A British Subject

3 out of 5 stars
© Ralph Ripley A British Subject

Time Out says

3 out of 5 stars

Friendly warning! We're working hard to be accurate. But these are unusual times, so please check that events are still happening.

Mirza Tahir Hussain grew up in Leeds. Aged 18, he visited his parents’ homeland, Pakistan, where a taxi driver pulled a gun on him but wound up dead in the ensuing struggle. Eighteen years later, Hussain was still a mere stay of execution away from the gallows on the lawn. Then Don Mackay of the Daily Mirror and his wife, actress Nichola McAuliffe, got involved.

McAuliffe’s play about their involvement tweaks events. That doesn’t matter, although a more sophisticated play might have considered the point that truth is rarely absolute. This one deals with hope, disappointment and belief, of all kinds.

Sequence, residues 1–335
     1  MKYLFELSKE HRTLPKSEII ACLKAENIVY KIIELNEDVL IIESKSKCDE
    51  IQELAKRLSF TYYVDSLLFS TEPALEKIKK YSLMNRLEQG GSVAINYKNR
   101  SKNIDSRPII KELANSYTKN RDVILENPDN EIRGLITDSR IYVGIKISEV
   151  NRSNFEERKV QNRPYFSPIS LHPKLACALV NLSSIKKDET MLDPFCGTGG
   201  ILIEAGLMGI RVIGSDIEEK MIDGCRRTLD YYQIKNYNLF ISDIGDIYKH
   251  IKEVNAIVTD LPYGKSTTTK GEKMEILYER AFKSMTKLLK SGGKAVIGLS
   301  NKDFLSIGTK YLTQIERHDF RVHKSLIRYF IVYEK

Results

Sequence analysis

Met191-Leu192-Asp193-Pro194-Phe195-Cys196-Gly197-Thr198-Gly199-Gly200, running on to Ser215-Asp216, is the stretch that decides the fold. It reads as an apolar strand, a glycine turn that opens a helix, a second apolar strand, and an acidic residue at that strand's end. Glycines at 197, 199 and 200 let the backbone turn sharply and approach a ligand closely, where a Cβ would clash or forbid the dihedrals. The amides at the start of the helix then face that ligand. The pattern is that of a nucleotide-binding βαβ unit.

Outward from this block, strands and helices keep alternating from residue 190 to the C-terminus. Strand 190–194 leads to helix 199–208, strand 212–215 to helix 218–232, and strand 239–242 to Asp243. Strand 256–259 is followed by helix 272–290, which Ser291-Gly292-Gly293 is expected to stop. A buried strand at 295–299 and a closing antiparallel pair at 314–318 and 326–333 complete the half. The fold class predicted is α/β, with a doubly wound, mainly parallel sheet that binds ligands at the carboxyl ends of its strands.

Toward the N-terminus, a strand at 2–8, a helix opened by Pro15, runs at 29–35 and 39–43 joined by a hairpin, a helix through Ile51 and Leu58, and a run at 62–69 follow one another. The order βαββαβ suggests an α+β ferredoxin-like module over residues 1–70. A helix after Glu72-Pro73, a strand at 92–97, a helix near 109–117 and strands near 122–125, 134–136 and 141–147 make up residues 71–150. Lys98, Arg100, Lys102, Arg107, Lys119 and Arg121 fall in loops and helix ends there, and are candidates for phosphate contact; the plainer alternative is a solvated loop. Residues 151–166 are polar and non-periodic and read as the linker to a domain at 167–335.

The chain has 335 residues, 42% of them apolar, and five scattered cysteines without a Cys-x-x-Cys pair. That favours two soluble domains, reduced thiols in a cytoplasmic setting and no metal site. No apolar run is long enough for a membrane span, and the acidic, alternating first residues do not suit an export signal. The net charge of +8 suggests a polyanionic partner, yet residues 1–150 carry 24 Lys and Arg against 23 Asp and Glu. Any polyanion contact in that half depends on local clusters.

It questions the role of both the tabloid press and the royal family in public life, and offers some unusual answers. And it’s surprisingly funny for a matter of life and death: McAuliffe, who plays herself (ably supported, particularly by Kulvinder Ghir in a terrifyingly quiet performance as Hussain) brings her flourishing sense of humour.

She has written a moving story, incorporating much of Mackay’s original journalism – though there are a few flaws no good editor would permit.



You may also like